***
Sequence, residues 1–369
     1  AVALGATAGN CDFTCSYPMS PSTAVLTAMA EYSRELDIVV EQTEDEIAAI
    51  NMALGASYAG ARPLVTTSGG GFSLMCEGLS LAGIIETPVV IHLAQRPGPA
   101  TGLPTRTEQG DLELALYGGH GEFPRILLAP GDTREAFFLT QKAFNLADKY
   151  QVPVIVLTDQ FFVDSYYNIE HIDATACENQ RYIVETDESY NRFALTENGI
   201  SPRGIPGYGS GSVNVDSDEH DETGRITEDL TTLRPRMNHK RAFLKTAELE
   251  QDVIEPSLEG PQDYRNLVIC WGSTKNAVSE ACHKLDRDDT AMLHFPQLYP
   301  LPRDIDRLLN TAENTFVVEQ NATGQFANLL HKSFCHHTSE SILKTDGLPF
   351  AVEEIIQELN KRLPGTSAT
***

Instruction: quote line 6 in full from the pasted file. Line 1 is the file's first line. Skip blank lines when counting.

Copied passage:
   201  SPRGIPGYGS GSVNVDSDEH DETGRITEDL TTLRPRMNHK RAFLKTAELE